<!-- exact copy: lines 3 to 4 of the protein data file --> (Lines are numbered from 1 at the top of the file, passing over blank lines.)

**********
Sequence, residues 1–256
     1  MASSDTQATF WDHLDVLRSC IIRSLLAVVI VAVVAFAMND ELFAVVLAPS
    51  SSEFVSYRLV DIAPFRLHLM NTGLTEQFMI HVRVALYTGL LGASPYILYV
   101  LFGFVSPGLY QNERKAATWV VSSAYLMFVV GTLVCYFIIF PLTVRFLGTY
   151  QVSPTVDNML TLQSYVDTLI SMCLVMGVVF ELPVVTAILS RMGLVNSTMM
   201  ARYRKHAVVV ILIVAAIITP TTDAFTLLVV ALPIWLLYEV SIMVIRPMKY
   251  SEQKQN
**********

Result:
    51  SSEFVSYRLV DIAPFRLHLM NTGLTEQFMI HVRVALYTGL LGASPYILYV
   101  LFGFVSPGLY QNERKAATWV VSSAYLMFVV GTLVCYFIIF PLTVRFLGTY